DUP MLA and Health Committee Vice-Chair Pam Cameron has warned of an inevitable oral health crisis in Northern Ireland if Covid-19 pressures facing local dental practices are not urgently addressed.
Commenting, Mrs Cameron said:
‘‘There is mounting evidence that dental services across Northern Ireland are at breaking point.
As a result of the Covid-19 pandemic, operating costs have soared due to extra spending on PPE and other safety mitigations. These are costs that are ultimately passed on to patients, many of whom have already waited many months for routine care.
There is also the concern that surgeries are often sitting empty because regulations on ‘fallow periods’ require dentists to wait an hour between treatments when an aerosol-generating procedure, for example with a drill, has been used. The science underlying this is lightweight at best and isn’t endorsed in many other countries. This has led to drastically reduced volume of patients and inevitable challenges to practices balancing their books.
The Department of Health must get to grips with this situation before it escalates into practice closures and the loss of vital local services. Its poor handling of emergency financial support provided to dentists and disjointed approach to supplying PPE has already had a negative effect. We cannot afford for this to happen again.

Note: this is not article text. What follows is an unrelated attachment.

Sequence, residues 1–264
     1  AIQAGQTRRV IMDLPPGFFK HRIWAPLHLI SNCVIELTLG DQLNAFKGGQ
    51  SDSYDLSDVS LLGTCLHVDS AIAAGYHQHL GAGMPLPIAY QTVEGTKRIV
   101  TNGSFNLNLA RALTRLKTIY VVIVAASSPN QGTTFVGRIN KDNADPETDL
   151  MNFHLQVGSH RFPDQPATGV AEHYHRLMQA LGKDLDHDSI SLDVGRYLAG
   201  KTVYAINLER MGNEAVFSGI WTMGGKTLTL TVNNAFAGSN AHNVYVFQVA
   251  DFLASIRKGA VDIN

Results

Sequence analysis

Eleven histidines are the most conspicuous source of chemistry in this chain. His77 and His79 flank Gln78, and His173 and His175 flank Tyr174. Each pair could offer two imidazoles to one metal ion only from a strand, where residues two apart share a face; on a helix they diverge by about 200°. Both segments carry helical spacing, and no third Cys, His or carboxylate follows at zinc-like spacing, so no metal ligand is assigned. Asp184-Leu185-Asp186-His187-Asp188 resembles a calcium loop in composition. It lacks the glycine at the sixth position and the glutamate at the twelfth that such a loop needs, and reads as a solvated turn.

The stakes are incredibly high. The most recent NHS Children’s Dental Health Survey found that in Northern Ireland that 19 per cent of children aged 5 showed signs of severe or extensive tooth decay. Without sending a clear signal that dental services are valued, well-resourced and open for business it is inevitable that this crisis in oral health will not only continue but get deepen.
I urge the Minister to urgently redouble his efforts in this area - including through additional financial support and rethink of the Public Health England policy on fallow times - in order to provide a lifeline to the local surgeries and communities most affected.’’